2. ASH
    Dec 23, 2018 @ 02:05:08

    You do a beautiful thing here


  3. Linda Potter
    Dec 23, 2018 @ 20:25:47

    Wonderful story of letting wild animals heal on their own whenever possible. Your stories add so much to our knowledge about coyotes.


  4. Kathy
    Dec 23, 2018 @ 23:14:04

    Good work, Janet. Coyotes are so resilient. About a year ago our little girl, Cheyenne, broke her leg very badly. So badly it needed to be amputated on Friday and on Saturday she was running around as if she had always had 3 legs. They recover very well and learn to compensate for any injuries they may have.


  5. Martha hall
    Dec 24, 2018 @ 02:41:07

    We watched a similar event with one of the deer that roam through our town feeding in backyards and the adjacent open spaces. A regular in our yard, a doe, showed up with a broken leg likely caused by a car or chase by a dog. We wondered what was best as we debated the choices for a deer, and worried about the pain she must be in. She put little or no weight on the injured leg for a very long time. No one intervened. Much to our surprise, this doe survived with the leg healing in a deformed shape that she used with a limp. The next spring she showed up with twin fawns that she raised. We rehabbed wildlife for 18 years but many years ago. Sometimes it is difficult to not do anything.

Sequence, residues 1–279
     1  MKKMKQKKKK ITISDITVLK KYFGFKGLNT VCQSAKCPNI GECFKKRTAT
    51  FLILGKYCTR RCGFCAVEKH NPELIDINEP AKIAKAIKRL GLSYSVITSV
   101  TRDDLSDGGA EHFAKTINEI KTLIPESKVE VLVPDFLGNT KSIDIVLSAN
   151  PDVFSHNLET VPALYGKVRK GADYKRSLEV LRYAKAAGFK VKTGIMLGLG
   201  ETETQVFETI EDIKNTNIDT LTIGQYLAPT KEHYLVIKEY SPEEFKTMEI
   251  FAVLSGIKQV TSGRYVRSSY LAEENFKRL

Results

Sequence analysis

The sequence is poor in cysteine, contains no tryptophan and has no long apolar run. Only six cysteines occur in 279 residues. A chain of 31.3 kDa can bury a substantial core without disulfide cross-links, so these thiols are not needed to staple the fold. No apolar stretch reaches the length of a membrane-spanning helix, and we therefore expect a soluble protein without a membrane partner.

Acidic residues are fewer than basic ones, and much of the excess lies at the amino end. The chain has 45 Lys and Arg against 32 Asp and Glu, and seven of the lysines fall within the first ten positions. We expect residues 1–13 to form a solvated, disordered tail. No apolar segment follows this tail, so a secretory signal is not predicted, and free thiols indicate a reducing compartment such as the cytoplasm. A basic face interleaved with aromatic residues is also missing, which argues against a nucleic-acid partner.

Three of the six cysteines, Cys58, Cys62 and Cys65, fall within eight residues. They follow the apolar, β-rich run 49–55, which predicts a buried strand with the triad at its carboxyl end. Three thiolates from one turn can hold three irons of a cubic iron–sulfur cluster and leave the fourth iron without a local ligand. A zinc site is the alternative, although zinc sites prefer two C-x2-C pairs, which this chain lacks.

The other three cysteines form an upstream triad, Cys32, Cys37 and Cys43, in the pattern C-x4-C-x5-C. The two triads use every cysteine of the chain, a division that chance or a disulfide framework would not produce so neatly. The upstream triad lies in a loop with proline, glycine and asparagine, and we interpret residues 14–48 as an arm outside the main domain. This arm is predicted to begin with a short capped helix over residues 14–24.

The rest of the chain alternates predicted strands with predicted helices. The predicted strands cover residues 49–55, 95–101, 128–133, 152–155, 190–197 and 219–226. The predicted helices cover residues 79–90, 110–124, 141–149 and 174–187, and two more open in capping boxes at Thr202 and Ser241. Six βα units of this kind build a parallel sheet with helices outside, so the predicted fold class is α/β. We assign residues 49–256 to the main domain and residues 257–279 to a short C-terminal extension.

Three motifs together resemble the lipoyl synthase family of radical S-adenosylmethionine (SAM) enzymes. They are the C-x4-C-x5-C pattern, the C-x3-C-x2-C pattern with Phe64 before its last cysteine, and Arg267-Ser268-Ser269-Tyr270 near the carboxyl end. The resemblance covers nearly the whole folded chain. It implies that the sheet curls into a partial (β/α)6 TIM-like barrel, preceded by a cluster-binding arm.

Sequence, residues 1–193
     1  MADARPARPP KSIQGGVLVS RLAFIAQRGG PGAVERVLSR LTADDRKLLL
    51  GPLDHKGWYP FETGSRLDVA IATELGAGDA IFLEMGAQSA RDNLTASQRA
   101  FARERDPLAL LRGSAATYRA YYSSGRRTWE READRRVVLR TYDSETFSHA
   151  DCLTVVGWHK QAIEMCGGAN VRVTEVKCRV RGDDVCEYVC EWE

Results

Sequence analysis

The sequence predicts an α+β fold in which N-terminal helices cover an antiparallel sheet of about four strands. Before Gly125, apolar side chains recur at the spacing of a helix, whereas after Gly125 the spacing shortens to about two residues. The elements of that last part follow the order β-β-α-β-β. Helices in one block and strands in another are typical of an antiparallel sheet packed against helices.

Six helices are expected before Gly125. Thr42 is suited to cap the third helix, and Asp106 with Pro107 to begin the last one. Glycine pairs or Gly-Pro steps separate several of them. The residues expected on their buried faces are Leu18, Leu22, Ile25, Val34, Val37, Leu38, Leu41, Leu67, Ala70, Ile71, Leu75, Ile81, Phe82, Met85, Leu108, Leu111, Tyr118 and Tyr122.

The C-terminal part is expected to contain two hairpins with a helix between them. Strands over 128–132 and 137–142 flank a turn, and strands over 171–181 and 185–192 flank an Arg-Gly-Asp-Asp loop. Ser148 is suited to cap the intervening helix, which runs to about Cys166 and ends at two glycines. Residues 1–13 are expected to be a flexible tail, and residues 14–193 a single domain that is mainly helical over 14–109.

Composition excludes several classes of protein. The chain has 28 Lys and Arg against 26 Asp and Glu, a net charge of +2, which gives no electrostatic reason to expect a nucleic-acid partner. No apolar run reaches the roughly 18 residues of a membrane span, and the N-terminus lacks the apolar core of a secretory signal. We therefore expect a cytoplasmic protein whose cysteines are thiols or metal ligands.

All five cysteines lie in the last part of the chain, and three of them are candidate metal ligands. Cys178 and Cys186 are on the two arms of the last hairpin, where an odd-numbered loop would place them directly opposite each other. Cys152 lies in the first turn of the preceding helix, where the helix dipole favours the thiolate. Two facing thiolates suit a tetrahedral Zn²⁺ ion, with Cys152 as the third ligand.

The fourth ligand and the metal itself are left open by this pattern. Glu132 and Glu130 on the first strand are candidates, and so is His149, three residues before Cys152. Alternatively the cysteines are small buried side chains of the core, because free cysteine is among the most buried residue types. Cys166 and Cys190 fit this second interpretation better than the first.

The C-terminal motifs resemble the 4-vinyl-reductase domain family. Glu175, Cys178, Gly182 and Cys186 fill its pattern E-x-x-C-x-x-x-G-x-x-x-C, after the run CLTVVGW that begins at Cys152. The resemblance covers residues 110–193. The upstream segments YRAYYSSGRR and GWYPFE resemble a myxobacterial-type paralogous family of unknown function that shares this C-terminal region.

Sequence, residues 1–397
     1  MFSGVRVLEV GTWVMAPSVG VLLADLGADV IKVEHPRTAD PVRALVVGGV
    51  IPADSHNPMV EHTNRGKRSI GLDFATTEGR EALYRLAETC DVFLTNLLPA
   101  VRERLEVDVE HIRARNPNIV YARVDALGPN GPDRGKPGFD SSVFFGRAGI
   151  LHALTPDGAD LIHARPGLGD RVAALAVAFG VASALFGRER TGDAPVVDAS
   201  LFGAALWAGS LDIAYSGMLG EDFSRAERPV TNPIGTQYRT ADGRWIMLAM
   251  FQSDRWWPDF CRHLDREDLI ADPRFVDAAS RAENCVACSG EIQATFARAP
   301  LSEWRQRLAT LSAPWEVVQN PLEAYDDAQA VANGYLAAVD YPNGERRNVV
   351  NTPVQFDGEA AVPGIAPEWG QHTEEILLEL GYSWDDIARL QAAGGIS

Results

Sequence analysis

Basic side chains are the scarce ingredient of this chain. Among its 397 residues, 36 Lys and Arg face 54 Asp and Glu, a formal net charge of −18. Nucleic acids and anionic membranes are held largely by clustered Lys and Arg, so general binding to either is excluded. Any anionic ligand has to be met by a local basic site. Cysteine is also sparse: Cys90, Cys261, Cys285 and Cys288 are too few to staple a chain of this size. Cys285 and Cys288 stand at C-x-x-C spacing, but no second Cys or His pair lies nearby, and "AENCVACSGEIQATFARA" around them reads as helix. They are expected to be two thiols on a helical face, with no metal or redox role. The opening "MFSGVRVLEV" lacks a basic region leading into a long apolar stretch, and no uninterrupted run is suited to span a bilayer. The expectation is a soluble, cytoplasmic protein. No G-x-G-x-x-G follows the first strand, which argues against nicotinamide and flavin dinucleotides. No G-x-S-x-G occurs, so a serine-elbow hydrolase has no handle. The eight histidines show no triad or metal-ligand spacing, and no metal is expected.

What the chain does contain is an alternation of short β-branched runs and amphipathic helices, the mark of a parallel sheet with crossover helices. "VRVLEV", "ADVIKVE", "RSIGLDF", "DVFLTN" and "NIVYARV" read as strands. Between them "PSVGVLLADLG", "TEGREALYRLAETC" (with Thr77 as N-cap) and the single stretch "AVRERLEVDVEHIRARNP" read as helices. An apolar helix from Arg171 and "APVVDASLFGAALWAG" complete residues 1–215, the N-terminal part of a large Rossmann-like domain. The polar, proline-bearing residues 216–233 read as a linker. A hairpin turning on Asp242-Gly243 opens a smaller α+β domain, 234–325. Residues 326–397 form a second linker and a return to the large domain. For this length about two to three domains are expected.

• yipps:janetkessler
      Dec 24, 2018 @ 03:27:50

      Hi Martha! Yes, it’s difficult for us humans not to do anything, but that’s often the best course of action. We need examples like these to help us all learn! Thank you for sharing your story! Janet

  6. Cindie White
    Jan 04, 2019 @ 07:04:57

    Amazing, potent story. THANK YOU for your love and protection of the coyotes! Thank you for educating. Thank all this coyote is still wild and with his family!!!